8 Reasons to Talk to a Licensed Therapist Before Taking Antidepressants

By April 27, 2020Depression

Some people are under the misapprehension that cognitive behavioral therapy may not be as helpful in extremely stressful and challenging times. So, many are turning to antianxiety or antidepressants. Over the last month, there is a massive increase of 35% turning to medications. Rather than simply taking medications, speaking with a licensed therapist is the best course of action.

In fact, successful or afflicted people do not fear therapy, they embrace their therapy. And therapy is not just something that smart people use, it’s something that most everybody should probably try during at least some point in their lives, especially now, during challenging times of anxiety or depression.

Many of us grew up under the impression that internal stuff shouldn’t be discussed or maybe it should be swept under the rug. This is perhaps the single worst thing you can do for yourself. Stamping down your emotions and not working through your psychological issues – especially economic downturns, job loss, or with societal anxiety, and depression – can culminate in a host of problems.

If you need a numbers-based reason to convince you to speak to a therapist before turning to antidepressants, depression alone is a major player in the global burden of disease, the leading cause of disability worldwide, and responsible for billions of dollars a year in lost work.

1. Therapy’s effects persist over the long-haul

A huge benefit of talk therapy is that its effects are long-lasting. This is because you’re not only working through stuff, but you’re also developing the tools to help you deal with future stuff. Dialectical Behavior Therapy (DBT), Cognitive Behavior Therapy (CBT) and Mindfulness Based Cognitive Therapy (MBCT) treatment is durable over the years. The positive gains continue and grow over time as though some of the work gets further consolidated after therapy stops.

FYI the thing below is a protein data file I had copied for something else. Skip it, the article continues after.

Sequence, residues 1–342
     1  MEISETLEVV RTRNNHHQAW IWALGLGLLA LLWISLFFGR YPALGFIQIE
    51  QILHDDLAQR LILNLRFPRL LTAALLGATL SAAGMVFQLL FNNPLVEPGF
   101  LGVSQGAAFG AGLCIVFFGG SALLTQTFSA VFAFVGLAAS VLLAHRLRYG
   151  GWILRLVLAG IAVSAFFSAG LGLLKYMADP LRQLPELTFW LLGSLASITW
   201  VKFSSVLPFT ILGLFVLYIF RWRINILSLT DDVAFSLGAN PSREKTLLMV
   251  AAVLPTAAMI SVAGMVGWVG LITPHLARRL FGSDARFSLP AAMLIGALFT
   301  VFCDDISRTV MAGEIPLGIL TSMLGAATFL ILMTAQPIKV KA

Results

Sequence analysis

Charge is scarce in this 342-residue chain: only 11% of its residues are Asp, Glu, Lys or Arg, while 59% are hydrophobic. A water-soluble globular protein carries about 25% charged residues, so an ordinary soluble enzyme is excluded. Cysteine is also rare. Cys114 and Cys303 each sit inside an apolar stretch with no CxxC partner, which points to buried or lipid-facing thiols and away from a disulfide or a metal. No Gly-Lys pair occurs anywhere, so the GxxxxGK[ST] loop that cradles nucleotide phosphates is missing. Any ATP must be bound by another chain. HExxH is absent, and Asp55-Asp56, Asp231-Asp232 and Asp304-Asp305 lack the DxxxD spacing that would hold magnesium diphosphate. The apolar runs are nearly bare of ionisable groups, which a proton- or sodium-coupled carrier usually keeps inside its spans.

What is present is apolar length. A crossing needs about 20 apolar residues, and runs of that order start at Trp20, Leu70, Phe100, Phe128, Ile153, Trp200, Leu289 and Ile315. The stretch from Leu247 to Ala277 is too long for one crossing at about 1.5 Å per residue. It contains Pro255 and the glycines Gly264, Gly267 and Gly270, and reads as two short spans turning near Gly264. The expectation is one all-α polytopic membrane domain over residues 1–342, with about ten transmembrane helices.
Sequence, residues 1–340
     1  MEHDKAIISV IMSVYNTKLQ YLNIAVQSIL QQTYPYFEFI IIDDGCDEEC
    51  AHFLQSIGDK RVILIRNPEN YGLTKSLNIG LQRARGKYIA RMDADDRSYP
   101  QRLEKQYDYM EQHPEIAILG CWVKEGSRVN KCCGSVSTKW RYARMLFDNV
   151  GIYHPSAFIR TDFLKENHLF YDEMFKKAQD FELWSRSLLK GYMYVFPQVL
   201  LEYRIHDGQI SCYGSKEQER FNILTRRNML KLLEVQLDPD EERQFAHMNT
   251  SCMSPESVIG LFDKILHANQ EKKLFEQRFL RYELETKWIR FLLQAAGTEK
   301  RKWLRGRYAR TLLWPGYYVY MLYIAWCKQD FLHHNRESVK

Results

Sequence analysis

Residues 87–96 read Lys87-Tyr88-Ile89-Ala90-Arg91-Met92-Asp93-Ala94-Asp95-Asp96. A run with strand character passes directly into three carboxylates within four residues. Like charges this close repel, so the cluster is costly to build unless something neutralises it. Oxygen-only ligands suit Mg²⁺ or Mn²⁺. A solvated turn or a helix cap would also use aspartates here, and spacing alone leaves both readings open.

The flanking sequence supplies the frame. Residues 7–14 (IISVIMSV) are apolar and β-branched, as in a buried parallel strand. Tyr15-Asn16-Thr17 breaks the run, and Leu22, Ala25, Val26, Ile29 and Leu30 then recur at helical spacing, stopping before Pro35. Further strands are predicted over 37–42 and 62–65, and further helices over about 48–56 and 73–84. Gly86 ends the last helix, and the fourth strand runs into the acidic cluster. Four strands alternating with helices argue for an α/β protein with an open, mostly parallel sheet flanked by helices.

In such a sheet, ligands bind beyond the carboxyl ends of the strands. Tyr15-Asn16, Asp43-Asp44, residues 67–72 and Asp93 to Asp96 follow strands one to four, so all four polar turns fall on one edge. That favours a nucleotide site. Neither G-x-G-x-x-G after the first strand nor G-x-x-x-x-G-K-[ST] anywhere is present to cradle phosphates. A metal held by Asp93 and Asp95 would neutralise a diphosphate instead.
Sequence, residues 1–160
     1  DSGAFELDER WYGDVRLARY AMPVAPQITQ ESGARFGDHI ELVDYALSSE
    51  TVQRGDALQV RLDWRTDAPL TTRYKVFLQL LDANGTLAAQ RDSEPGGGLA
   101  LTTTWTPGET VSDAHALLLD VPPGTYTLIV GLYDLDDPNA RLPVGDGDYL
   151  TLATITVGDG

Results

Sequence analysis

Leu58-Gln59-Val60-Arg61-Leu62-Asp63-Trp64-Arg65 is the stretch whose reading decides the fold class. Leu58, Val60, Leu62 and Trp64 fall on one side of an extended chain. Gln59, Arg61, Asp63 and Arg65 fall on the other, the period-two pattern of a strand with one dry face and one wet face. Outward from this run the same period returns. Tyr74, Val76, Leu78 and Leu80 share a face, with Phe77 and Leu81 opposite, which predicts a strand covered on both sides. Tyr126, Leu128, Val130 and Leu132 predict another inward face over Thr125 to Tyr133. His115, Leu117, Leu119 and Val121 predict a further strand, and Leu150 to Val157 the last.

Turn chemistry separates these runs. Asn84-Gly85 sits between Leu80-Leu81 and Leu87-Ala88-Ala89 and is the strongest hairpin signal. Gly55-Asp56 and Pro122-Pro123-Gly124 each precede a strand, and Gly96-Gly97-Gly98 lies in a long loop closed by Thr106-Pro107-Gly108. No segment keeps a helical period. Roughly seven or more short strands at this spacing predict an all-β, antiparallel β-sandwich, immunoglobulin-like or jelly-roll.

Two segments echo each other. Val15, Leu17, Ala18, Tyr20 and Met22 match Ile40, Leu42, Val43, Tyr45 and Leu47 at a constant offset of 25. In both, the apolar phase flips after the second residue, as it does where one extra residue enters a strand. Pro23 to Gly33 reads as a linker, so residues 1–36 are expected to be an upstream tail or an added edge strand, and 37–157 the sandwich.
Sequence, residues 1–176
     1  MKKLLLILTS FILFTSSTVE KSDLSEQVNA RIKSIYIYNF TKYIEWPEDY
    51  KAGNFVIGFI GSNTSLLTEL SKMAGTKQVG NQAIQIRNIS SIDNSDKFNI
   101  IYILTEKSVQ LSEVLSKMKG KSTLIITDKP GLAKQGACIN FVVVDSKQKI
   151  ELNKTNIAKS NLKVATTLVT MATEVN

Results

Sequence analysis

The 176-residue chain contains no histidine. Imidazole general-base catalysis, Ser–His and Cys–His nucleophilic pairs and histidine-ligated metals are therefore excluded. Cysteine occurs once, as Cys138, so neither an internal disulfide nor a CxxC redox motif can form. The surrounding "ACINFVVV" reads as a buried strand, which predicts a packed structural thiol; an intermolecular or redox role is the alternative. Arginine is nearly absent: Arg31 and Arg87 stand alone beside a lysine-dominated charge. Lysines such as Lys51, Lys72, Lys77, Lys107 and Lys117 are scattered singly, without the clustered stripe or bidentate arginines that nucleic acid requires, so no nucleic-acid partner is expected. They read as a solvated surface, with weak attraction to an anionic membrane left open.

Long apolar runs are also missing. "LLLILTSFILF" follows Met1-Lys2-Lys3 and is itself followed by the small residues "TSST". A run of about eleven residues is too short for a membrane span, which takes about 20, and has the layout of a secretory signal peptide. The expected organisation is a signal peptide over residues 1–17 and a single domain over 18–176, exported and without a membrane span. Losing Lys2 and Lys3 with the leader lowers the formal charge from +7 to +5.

The whole talking-with-the-therapist process gets internalized so that self-therapy picks up where the actual therapy leaves off. The “getting-to-the-cause” aspect of therapy is a big reason why therapy together is believed to be extremely effective.

2. Physical symptoms get treated

Psychological trauma can trigger physical symptoms – and depression and anxiety are well known to have significant, and sometimes debilitating, physical effects. Going to therapy can help these issues fade away.

When people do not express feelings but swallow them and keep them buried and out of conscious awareness, one’s body often reacts. Physical symptoms such as stomach aches, headaches, sleeping problems, and ulcers are just some of the ways our body reacts to stress and psychic pain.

3. Repressed emotions will come back to haunt you later on

The most serious drawback of not talking about things maybe that unexpressed feelings and traumas can pile up and explode later. Even if you don’t have a full-on breakdown later on, not fully processing events and emotions often creates negative thought patterns that can inform every area in your life – your relationships with your spouse, parents, kids, coworkers, and even yourself.

So, learning how to process them with a therapist can change how you maneuver in many different ways.

4. Therapy will give you a whole new perspective on other people

An awesome benefit of therapy is that it not only helps you understand yourself better but it helps you understand other people. When we hold negative thoughts in without processing them, they become ingrained so that we see the world through that lens – and we make lots of assumptions that may or may not be true.